Beatrice Kondo

Beatrice Kondo
University of Maryland, College Park | UMD, UMCP, University of Maryland College Park

PhD, Biological Sciences, UMBC

About

8
Publications
778
Reads
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190
Citations
Citations since 2017
0 Research Items
47 Citations
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20172018201920202021202220230246810
20172018201920202021202220230246810
20172018201920202021202220230246810
Introduction
Skills and Expertise
Additional affiliations
August 2011 - present
Johns Hopkins University
Position
  • Lecturer
Description
  • Co-managing the MS in Biotechnology, as well as managing the MS in Individualized Genomics and Health and the Post-Master's Certificate in Sequence Analysis and Genomics. Duties include adjunct faculty hiring, scheduling several dozen classes per semester, advising ~300 graduate students, and teaching three classes per year.
July 2007 - July 2011
Johns Hopkins University
Position
  • Lecturer
Description
  • Managed advanced undergraduate teaching laboratories, taught seminar and lecture classes, advised undergraduate students.
January 2000 - August 2006
University of Maryland, Baltimore County
Description
  • Phylogenetic analysis of New World Orioles, including reconstruction of ancestral migratory behavior
Education
August 1997 - May 2006
University of Maryland, Baltimore County
Field of study
  • Biological Sciences
August 1983 - May 1987
Loyola University Maryland
Field of study
  • German Language and Literature

Publications

Publications (8)
Article
Full-text available
Article
The evolution of sexual dimorphism has long been attributed to sexual selection, specifically as it would drive repeated gains of elaborate male traits. In contrast to this pattern, New World oriole species all exhibit elaborate male plumage, and the repeated gains of sexual dichromatism observed in the genus are due to losses of female elaboration...
Article
Full-text available
Detailed molecular phylogenies of closely related species provide an unprecedented opportunity to study the relationship between plumage evolution and speciation. Through reconstruction of ancestral character states, phylogenies enable us to separate convergence from similarity due to shared ancestry, and gains of plumage ornaments from losses. Mol...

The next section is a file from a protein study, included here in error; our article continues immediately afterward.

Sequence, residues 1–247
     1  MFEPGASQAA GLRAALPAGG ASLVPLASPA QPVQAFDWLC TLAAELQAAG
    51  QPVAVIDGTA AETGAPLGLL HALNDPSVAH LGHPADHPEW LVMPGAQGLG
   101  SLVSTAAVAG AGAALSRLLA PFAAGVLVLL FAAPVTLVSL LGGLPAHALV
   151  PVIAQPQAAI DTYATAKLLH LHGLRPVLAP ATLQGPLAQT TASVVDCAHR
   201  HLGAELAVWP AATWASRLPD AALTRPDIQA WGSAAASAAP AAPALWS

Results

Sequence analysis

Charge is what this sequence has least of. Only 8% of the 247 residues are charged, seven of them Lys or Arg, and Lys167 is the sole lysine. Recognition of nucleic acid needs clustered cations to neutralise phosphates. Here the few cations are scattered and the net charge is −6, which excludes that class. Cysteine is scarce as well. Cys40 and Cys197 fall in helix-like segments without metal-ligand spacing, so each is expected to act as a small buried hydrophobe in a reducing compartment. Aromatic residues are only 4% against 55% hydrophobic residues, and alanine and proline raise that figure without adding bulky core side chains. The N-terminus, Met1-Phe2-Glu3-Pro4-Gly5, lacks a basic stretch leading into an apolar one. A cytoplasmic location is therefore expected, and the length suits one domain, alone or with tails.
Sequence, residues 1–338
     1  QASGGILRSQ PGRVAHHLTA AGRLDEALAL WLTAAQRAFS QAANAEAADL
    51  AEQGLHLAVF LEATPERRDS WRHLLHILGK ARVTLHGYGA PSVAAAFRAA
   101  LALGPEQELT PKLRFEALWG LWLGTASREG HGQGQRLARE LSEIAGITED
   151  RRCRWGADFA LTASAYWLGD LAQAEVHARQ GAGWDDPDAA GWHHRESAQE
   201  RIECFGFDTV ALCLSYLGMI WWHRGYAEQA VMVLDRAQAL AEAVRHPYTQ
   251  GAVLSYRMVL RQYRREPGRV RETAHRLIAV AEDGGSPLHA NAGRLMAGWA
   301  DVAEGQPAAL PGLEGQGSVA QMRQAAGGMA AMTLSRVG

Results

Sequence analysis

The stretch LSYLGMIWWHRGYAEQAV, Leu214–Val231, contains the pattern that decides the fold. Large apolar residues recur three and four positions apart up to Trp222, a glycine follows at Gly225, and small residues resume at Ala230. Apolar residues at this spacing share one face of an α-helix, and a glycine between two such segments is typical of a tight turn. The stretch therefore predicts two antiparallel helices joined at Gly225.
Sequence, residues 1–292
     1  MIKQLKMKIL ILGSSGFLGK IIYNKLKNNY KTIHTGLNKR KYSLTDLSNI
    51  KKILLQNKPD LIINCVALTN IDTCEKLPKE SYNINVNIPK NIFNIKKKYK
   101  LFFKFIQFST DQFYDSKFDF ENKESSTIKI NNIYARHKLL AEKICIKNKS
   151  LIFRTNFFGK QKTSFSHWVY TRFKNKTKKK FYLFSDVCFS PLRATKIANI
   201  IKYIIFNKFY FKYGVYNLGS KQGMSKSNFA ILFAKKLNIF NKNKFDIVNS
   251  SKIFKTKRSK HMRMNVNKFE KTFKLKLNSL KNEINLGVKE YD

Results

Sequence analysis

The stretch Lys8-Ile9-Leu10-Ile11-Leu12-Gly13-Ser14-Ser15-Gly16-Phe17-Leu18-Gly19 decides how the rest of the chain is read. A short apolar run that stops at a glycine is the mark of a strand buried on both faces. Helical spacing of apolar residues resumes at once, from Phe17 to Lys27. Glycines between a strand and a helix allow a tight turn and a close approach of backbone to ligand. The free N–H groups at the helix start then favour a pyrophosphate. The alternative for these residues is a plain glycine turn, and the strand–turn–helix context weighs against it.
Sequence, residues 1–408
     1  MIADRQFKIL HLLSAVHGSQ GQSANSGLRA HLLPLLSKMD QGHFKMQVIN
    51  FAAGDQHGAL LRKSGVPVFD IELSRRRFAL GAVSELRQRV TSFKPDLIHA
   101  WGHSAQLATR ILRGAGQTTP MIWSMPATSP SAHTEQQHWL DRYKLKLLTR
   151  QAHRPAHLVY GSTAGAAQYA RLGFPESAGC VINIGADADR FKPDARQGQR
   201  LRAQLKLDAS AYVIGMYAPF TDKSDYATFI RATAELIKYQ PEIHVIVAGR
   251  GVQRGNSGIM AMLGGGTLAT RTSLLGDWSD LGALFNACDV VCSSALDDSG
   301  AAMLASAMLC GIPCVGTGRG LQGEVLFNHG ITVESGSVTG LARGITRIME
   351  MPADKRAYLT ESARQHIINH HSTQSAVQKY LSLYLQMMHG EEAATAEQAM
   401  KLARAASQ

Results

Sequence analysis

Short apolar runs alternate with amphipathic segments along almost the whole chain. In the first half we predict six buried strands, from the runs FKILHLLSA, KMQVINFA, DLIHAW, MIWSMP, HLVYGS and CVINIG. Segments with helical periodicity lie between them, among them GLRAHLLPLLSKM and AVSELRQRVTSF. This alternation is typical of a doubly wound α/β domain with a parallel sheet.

Article
Durante el siglo pasado, numerosos artículos teóricos exploraron la evolución de la migración estacional en las aves. Muchos de éstos se enfocaron en las condiciones ambientales o sociales que podrían haber conducido al origen de la migración. Los trabajos más recientes no se han enfocado en el origen de la migración, sino en los cambios en el comp...
Article
A widely accepted paradigm is that sedentary Neotropical bird species are a reservoir that gives rise to temperate-tropical migratory species. Recently, an alternative theory has been proposed, that developmental plasticity can allow some individuals within a migratory species to establish a disjunct breeding range through loss of migration, thus f...
Article
During the past century, numerous theoretical articles explored the evolution of seasonal migration in birds; many of these focused on environmental or social conditions that may have led to the origin of migration. More recent work has focused not on the origin of migration, but on changes in migratory behavior that have occurred in modern species...
Article
Full-text available
A recent phylogenetic survey of the New World orioles (genus Icterus; Omland et al. 1999) sug- gested that the Baltimore Oriole (I. galbula) and the Black-backed Oriole (I. abeillei) are sister taxa. That survey examined mitochondrial DNA (mtDNA) from a single representative of each species in the genus. Here, we examine mtDNA sequences from 15 Bla...
Article
A recent phylogenetic survey of the New World orioles (genus Icterus; Omland et al. 1999) suggested that the Baltimore Oriole (I. galbula) and the Black-backed Oriole (I. abeillei) are sister taxa. That survey examined mitochondrial DNA (mtDNA) from a single representative of each species in the genus. Here, we examine mtDNA sequences from 15 Black...

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Projects

Projects (2)
Project
1) Identify native avocado abiotic stress resistant genes (homologs to other genes, including the aquaporins) and overexpress them, using Persea machinery, (no trans material, including trans promoter) 2) Produce a viable avocado tree that is significantly smaller, yet healthy and not stunted. 3) Produce an avocado tree that is cool-loving, smaller, and thrives on less hours of daylight. Expresses same proteome as wild-type Persea americana.